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Đorđe Vajfert (Serbian Cyrillic: Ђорђе Вајферт, German: Georg Weifert; 15 June 1850 – 12 January 1937) was a Serbian industrialist of German descent, Governor of the National Bank of Serbia and later Yugoslavia.[1] In addition, he is considered the founder of the modern mining sector in Serbia and a great benefactor. Biography[edit] Georg Weifert was born in Pančevo, German Banat to a Danube Swabian family. From an early age Đorđe Vajfert worked with his father, Ignatz Weifert in Belgrade, in brewing. Theirs was the first brewery in the Kingdom of Serbia. He graduated from the Braumeisterschule in Weihenstephan, near Munich. Then he returned to Serbia and took over the brewery of his father, which he expanded. With the profits he bought a coal mine in Kostolac, then a copper mine in Bor, a Steinberg works at Zaječar and finally a gold mine. With the proceeds from the mines, he was the richest man in Serbia and was considered the greatest industrialist of the future Yugoslavia. In 1890 Vajfert was appointed Governor of the National Bank of Serbia. He served in this capacity from 1890 to 1902, and again from 1912 to 1914/1918.[1] During this period he acquired a good reputation maintaining the value of the Serbian dinar and in credit. After 1918, because of his good offices, Vajfert was appointed Governor of the National Bank of Yugoslavia.[1] His best-known arrangement as Governor was the conversion of the Austro-Hungarian krone into the new Yugoslav dinar. This also led to great criticism, as the former Serbian dinar was exchanged 1:1 in the new dinar, the Austrian money into a 4:1 ratio - this led to substantial losses of property of those Yugoslavs who formerly lived in Austria-Hungary.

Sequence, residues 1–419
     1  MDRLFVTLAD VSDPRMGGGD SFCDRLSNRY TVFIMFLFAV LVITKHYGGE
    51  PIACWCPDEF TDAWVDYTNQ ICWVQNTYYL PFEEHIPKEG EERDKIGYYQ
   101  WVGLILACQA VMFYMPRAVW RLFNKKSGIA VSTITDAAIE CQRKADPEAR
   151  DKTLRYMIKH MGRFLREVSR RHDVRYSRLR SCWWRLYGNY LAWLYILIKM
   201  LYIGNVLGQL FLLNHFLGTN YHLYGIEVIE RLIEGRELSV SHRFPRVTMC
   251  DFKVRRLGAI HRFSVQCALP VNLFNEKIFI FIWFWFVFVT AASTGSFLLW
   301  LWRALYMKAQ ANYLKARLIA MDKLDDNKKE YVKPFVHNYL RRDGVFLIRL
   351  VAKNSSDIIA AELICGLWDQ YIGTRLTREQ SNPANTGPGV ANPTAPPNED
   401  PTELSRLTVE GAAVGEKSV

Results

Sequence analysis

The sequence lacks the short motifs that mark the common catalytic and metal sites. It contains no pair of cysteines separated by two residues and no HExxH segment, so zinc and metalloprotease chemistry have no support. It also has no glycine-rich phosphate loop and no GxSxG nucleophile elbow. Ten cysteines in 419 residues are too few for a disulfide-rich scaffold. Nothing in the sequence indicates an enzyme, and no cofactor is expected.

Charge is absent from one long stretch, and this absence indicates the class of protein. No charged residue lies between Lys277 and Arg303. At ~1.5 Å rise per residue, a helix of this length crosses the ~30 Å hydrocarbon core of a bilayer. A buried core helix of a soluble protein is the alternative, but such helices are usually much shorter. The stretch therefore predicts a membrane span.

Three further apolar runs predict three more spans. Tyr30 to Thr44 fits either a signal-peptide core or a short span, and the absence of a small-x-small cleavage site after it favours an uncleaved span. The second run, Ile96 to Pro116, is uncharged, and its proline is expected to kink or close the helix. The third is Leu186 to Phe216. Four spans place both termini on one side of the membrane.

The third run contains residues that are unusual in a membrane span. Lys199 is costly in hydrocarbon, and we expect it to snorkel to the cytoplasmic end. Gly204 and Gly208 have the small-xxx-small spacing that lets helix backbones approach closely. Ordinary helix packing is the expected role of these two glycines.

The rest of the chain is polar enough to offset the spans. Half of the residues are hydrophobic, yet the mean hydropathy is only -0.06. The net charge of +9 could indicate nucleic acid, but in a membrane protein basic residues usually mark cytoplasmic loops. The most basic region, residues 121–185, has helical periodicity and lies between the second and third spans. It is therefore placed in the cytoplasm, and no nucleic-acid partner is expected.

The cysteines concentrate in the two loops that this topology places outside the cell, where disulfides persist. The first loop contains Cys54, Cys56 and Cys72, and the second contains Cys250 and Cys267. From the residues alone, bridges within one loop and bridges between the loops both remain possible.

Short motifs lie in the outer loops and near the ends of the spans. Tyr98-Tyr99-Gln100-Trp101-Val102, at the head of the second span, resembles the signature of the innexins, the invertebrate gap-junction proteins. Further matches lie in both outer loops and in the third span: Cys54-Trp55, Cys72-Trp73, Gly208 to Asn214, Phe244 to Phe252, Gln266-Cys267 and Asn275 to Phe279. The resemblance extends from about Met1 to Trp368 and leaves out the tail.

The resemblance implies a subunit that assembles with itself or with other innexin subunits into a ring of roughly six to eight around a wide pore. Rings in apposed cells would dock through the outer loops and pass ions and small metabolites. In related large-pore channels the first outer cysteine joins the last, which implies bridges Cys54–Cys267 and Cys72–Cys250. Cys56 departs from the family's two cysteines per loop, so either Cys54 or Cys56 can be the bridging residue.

Weifert on the 1000 Serbian dinar bill.

Đorđe Vajfert was an important patron and supporter of humanitarian and cultural institutions. He donated his prized collection of ancient coins and his private library to the University of Belgrade. In Pančevo, from where his parents Ignatz and Anna originated, he left the Roman Catholic Church a small chapel known as Anina crkva (the Church of Anna), in memory of his mother. As a major benefactor, opened a large Catholic cemetery Pancevo, where they are still the remains of family members Vajfert. They also built a fund from your Pancevo St. Anne Catholic Church and many other public and charitable institutions. He died on 12 January 1937, at 17:20 pm at his villa in Belgrade. The funeral service was held in the Catholic Church of St. Anne Pancevo 14 January, and the 15th was buried in the Catholic cemetery Pančevo. The heir to his business empire was his nephew Ferdinand Gramberg. Since 2001, his portrait is depicted on the 1000 Serbian dinar note.[2] See also[edit]

Luka Ćelović Nikola Spasić Miša Anastasijević Stanojlo Petrović

References[edit]

^ a b c Governors of the National Bank ^ Banknotes Withdrown from circulation

Management Giants - Georg Weifert, Profit Magazin, Retrieved on 2017-04-01. (in English) The Knight of Serbia, Georg I. Weifert (1850-1937), Association of Serbian Banks, Retrieved on 2017-04-01. (in English) Archives of the city of Belgrade, TD, Building dept. F-H-9-1930, file I -165-1942.

^ The early years . Led-vajfert.org. Accessed on 2011-12-29 ^ Politics, no. 10,287 from Wednesday 13 January 1937th, str. 5 ^ Politics, no. 10,289 from Friday 15 January 1937th, str. 6 ^ Politics, no. 10,290 from Saturday 16 January 1937th, str. 6

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